MAD About MADHATTAN Tour Stop #3: Central Park Carousel

Continuing the MAD About MADHATTAN tour of the coolest spots in New York City that are featured in my middle-grade novel, MADHATTAN MYSTERY, let’s go to Central Park and ride some horses! Like Lexi McGill, you might be thinking, “But don’t we need special boots and an insurance policy?” Nooo. Not those kind of horses.

The Central Park Carousel is one of the largest in America with 57 hand-carved painted horses. It was originally created for Coney Island in 1908 by the Brooklyn carousel makers Stein and Goldstein. Over 250,000 people ride the carousel each year and at $2.50 a pop who could resist? Did you know that there were several carousels in Central Park that came before this one? The very first was in 1870 and was turned by a crank (and probably a very cranky crank operator). The second, in 1873, was turned by a horse (which is really sad—especially since it’s said to have been a blind horse hidden under the platform. Good grief.) In 1924 a humane mechanical version came along but it burned down, as did the next one in 1950. (I’m thinking the horse did it.) The Central Park Carousel is pretty spectacular but it’s not the only carousel in Manhattan.


Right next to the New York Public Library on the southernmost side of Bryant Park sits Le Carrousel, a scrumptious little French carousel. Consisting of fourteen colorful animals, it was specially created to complement the park’s French classical style. At two bucks a ride, grab your child and a chocolate croissant and hop aboard this confection of a carousel. You’ll instantly be transported to Paris as you revolve to the sound of French cabaret music. Très magnifique!

Then there’s the new Pier 62 Carousel in Riverside Park, next to Chelsea Piers, the humongous sports complex located along the Hudson. This modern industrial-ish looking carousel opened in May 2010 and features 33 animals indigenous to the Hudson River Valley. There’s a turtle, a turkey, a seahorse, a raccoon, a unicorn… (Wait, I’ve never seen a unicorn galloping along the Hudson. While I was a awake, anyway.) No matter. This carousel is definitely worth checking out. Where else can you ride a fish wearing a saddle?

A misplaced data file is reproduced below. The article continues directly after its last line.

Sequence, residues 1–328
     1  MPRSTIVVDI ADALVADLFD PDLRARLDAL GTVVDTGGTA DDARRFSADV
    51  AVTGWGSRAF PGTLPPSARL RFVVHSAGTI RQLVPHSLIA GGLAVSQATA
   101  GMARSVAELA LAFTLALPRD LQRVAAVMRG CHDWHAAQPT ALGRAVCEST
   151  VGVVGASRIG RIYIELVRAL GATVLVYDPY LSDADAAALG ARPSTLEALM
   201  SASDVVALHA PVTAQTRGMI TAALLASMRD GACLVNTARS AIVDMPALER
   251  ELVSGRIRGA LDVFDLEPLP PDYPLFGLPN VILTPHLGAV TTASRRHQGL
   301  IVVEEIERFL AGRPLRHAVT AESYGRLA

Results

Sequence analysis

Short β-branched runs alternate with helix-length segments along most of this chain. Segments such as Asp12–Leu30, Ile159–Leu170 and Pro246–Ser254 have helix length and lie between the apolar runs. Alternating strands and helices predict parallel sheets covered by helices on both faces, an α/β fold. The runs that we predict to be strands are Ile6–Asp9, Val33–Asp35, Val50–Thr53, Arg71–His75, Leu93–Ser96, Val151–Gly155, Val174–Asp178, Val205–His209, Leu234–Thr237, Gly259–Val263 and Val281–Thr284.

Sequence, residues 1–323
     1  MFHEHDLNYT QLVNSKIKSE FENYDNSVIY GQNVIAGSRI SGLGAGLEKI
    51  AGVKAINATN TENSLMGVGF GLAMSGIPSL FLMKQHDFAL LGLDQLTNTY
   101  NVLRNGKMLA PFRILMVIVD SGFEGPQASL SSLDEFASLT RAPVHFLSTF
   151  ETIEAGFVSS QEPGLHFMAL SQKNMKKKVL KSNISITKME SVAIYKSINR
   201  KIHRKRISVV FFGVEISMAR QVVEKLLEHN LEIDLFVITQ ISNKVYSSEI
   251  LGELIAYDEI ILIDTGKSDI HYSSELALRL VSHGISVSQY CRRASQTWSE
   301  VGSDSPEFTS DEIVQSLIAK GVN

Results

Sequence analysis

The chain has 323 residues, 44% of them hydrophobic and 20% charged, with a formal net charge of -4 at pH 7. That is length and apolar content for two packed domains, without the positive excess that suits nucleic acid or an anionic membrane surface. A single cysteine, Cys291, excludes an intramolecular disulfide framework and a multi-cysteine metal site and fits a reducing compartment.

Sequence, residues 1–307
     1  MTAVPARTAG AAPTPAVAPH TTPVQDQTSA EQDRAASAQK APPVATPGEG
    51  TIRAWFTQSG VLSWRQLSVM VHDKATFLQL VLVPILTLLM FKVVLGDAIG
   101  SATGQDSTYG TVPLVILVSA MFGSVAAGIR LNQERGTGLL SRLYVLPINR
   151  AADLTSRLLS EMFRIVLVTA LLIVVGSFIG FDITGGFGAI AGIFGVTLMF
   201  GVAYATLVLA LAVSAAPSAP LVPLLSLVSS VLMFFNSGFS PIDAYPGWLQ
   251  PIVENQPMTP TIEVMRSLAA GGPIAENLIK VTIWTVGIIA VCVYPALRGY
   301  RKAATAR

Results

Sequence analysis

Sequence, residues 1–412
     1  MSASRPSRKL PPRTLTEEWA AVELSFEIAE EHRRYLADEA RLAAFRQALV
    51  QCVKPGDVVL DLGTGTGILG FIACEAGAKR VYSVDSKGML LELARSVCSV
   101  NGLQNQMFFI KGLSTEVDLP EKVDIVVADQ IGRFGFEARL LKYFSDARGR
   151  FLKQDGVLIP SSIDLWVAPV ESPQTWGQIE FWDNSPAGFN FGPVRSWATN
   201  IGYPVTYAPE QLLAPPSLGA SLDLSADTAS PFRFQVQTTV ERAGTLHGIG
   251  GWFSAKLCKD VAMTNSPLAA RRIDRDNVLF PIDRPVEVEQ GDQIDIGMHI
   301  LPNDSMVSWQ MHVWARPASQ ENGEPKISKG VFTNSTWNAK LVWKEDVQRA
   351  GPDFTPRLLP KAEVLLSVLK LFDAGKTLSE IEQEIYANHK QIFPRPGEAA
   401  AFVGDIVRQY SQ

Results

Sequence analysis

Anyway, circling back to the oldest carousel of the three and the most famous, the Central Park Carousel, here’s an excerpt from MADHATTAN MYSTERY…

“This goes a lot faster than your average carousel,” Kim Ling had to go and say when they met up with her at the ticket booth. “A lot faster. And no brass ring. That’s ’cause they don’t want kids reaching for it and busting chins.”

“What?” Kevin turned that greenish shade again. “I don’t know about this, Lex.”

“C’mon, Kev, it’ll be fun.”

“Geez, man up!” Kim Ling said to him, handing three ticket to the ticket-taker. “It’s not like it’s a mechanical bull—it’s a baby ride.”

That remark got Kevin unstuck somehow and he followed the girls onto the carousel platform with the enthusiasm of someone boarding the Titanic II.

“That’s what they said about the Haunted Mansion ride at Kingsley Park,” Lexi whispered to Kim Ling. She helped Kevin onto the smiliest horse with the shiniest gold mane and just as she was about to mount the one next to it, a boy in a plastic fireman hat beat her to it. “Shoot. Are you going to be okay by yourself, Kev, or should I—?”

“Just go already,” he said, wrapping his arms around the shiny pole.

“I’ll be on this one right in front of you. Hold on tight.”

A rinky-dink rendition of “Do You Know the Way to San Jose” began playing loudly and Lexi quickly hopped onto the horse Kim Ling was saving for her. As soon as the carousel came to life, Kim Ling leaned over to her and shouted, “So, what’s the scoop?”

“Shhh! Kevin fell off a ride. He was around five. Split his head open.”

“No way.”

“Way. They had to shut it down and everything.”

_______________________________________________________

That’s it for now. Thanks for joining me on this Carousel-ebration through Manhattan!

 

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One response to “MAD About MADHATTAN Tour Stop #3: Central Park Carousel

  1. Really interesting to this non-New Yorker. Thanks!

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